REF 2014: UEL doubles its world-leading research activity

REF-Research-Carousel (2)UEL has nearly doubled its output of world-leading research over the past several years, according to a massive new peer review of research at UK universities.

Around 17 per cent of the research UEL submitted to the Research Excellence Framework 2014 was classified as world-leading, the assessment’s highest possible rating. That’s almost twice the nine per cent of UEL research activity placed in the same category in the similar Research Assessment Exercise in 2008.

About 94 per cent of UEL’s research was deemed to be of an at least internationally-recognised level. Almost two-thirds, 62 per cent, was rated as internationally excellent – an increase of almost 20 per cent from 2008.

The REF 2014 results were released this week by the Higher Education Funding Council for England (HEFCE).  The Council does not publish league tables but parts of the media will produce their own rankings from the data.

Through an ongoing strategy of support and investment in research, UEL increased the number of research areas submitted to the assessment process from nine in 2008 to 13 in 2014. UEL also increased the number of staff submitted by almost 20 per cent. The nine submitted last time all saw their evaluations improve.

The results highlighted the presence of world-leading research at UEL in areas such as Allied Health Professions, Dentistry, Nursing and Pharmacy; Psychology, Psychiatry and Neuroscience; and Communications, Cultural and Media Studies, Library and Information Management. More than a third of the research submitted by UEL in the latter unit was ranked as world-leading.

UEL Vice-Chancellor, Professor John Joughin, said: “It’s really gratifying to see an increase not just in the quality but also the volume of the research submitted this time round in what is an ever more competitive environment.”

Deputy Vice-Chancellor (Academic), Professor Nora Colton, was also delighted with the REF result.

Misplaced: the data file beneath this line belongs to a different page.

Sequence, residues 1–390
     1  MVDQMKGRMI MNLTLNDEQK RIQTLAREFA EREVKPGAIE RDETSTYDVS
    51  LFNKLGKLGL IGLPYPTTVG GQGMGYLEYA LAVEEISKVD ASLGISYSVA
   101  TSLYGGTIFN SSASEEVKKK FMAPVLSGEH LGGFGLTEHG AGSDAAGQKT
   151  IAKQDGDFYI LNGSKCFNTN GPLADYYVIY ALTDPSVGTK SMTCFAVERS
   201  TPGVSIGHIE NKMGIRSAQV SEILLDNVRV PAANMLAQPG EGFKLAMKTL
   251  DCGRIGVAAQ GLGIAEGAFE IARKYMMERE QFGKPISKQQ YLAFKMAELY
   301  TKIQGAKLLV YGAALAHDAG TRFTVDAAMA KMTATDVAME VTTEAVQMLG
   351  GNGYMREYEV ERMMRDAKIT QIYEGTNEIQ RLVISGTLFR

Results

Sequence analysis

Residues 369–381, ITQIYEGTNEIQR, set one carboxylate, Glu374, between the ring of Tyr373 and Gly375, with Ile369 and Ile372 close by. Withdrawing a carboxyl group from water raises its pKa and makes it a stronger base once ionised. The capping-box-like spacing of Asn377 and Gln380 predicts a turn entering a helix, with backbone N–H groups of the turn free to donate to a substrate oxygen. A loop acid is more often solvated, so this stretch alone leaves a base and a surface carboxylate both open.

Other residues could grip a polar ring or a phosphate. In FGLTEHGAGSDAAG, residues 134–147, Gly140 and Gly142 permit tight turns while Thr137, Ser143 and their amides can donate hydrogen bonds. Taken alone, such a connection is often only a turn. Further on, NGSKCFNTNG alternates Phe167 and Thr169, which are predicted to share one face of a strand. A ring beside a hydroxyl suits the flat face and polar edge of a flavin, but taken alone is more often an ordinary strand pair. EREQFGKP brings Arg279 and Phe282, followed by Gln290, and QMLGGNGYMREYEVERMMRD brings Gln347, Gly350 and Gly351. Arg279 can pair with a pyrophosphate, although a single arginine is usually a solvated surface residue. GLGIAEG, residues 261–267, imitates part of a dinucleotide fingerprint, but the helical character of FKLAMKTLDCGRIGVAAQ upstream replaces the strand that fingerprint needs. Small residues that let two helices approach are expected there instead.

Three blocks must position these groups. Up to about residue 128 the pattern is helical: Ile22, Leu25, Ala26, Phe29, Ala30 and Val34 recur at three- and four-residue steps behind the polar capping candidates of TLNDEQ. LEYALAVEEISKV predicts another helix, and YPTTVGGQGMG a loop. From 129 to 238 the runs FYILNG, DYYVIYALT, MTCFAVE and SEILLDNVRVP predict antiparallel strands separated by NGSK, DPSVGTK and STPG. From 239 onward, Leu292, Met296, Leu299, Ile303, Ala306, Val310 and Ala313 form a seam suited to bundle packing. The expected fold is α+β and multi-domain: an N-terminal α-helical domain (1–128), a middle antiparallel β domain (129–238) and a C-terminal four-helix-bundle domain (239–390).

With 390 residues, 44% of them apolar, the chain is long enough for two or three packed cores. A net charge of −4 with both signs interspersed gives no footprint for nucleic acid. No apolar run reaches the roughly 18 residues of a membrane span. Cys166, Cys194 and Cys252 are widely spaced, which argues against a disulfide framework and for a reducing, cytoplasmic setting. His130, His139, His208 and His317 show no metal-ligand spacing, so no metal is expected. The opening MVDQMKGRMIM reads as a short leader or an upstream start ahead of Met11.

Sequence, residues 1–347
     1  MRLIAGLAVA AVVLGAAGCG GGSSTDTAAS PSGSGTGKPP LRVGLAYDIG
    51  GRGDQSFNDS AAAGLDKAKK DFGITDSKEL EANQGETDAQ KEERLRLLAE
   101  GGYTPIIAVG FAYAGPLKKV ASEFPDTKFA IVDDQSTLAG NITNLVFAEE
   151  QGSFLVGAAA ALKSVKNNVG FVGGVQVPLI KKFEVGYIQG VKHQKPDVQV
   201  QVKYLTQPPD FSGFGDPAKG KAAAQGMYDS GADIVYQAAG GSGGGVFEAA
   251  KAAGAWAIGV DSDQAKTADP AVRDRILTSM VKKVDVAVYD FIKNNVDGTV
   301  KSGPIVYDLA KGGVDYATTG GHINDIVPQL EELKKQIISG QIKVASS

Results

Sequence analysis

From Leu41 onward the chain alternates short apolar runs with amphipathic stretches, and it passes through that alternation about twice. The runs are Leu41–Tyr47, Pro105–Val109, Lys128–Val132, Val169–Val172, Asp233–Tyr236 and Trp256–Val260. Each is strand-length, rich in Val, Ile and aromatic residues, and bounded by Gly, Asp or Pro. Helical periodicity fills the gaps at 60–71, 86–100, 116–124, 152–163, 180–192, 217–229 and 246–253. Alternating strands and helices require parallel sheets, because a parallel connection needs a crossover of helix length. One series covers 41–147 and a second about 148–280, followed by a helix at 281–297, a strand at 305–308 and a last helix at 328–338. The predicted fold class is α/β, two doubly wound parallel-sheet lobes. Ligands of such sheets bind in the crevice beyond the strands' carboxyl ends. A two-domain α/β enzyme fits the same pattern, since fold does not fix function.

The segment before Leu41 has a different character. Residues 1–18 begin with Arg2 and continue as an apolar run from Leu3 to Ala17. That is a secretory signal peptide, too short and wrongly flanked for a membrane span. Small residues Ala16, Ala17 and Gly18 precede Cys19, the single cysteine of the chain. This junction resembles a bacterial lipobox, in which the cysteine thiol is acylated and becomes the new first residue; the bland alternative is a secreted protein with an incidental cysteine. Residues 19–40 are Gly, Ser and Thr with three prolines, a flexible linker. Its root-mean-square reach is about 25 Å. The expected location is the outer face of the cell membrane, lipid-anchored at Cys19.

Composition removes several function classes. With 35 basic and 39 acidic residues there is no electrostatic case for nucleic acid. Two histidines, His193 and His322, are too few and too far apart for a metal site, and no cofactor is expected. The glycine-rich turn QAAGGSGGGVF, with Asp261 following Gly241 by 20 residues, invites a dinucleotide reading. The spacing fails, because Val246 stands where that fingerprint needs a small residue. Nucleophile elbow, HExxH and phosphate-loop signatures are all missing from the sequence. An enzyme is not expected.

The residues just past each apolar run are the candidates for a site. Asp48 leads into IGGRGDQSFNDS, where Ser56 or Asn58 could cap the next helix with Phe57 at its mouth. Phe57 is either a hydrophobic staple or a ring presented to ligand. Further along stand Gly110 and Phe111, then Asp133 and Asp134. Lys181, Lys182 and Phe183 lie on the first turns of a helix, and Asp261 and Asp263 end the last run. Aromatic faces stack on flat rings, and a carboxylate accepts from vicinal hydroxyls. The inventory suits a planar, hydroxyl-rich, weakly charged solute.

“It’s not just that we submitted more individuals but the quality of their work has increased and that’s been recognised by the fact that every single unit of assessment saw a positive trend upwards.”

Professor Colton noted the wider impact on the University.

“These are areas where not only is there excellence in research but also excellence in teaching. So we are not only proud of the achievements of our researchers but also that there is a strong correlation between research and teaching.

“And the units that have demonstrated world-leading quality in research are also areas where we have excelled in student satisfaction.”

The real-world impact of UEL’s research was also highly rated, with 22 per cent of activity classified as world-leading. The impact category, which is new to the assessment process, evaluates the reach and significance of research beyond academia.

UEL also saw marked improvement in a number of areas ranging from Psychology, Psychiatry and Neuroscience to Social Work and Social Policy and also Education.

The results of the REF confirm UEL’s position as a research leader among London’s modern universities.

The 2014 Research Excellence Framework (REF) is a system for assessing the research done by the UK’s Higher Education Institutions. It replaces the Research Assessment Exercise, which was published in 2008. The deadline for REF submissions was November 2013.

More than 150 higher education institutions were invited to submit research in up to 36 subject areas. The research was assessed in three categories: outputs, impact and environment. Submissions were rated, in the following order, as being of world-leading quality; internationally excellent quality; internationally recognised quality; nationally recognised quality; or “U” for quality that is below the standard of nationally recognised or is not eligible for REF.

UEL submitted research in the areas of allied health profession, dentistry, nursing and pharmacy; psychology, psychiatry and neuroscience; computer science and informatics; general engineering; architecture, built environment and planning; business and management studies; law; social work and social policy; sociology; education; art and design; music, drama, dance, performing arts; communications, cultural and media studies, and library and information management.

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